SOPA and PIPA will not stop piracy. It’s even a stretch to argue that they would impact it at all. I explained how earlier, but the technical details aren’t important to today’s point. If proposed legislation will obviously not accomplish its stated purpose, it should never pass. This one point alone should be enough for your congressman and senators to oppose it. In case it’s not enough, keep reading; I have seven more reasons.

SOPA and PIPA mandate censorship compliance. When a domain name is seized by the government, ISPs are forced to comply with the censorship. There is no option of appeal for the ISPs; they must comply.

SOPA supporters face a mountain of opposition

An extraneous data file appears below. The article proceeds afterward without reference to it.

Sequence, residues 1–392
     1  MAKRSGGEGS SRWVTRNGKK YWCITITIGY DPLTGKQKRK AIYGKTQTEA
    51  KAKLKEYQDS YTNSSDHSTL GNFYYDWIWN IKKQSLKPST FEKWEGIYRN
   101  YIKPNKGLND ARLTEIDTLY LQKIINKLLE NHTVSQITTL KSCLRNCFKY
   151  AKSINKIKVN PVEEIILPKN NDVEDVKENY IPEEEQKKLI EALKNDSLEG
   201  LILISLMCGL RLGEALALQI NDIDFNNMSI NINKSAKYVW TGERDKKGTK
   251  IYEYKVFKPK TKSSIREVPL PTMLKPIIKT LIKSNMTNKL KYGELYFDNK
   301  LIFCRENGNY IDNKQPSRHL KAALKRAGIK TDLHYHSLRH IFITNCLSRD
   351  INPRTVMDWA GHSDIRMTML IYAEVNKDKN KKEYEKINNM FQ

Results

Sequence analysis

In keeping with the goal to educate readers about the dangers of SOPA and PIPA, here is a piece by Jason Pye, originally posted on January 3, 2012.

With President Barack Obama signed the National Defense Authorization Act (NDAA) into law last week, it should serve as a reminder that the Stop Online Piracy Act (SOPA) is the next battle that civil liberties and privacy advocates should turn our attention to. Some are already taking the fight over this issue straight to SOPA supporters. For example, Reddit users launched a campaign against GoDaddy, which caused the Internet hosting firm to switch its position to opposition of SOPA. Similarly, they also went after Rep. Paul Ryan (R-WI), a popular figure in the conservative movement, causing problems for his staff and, potentially, his re-election campaign.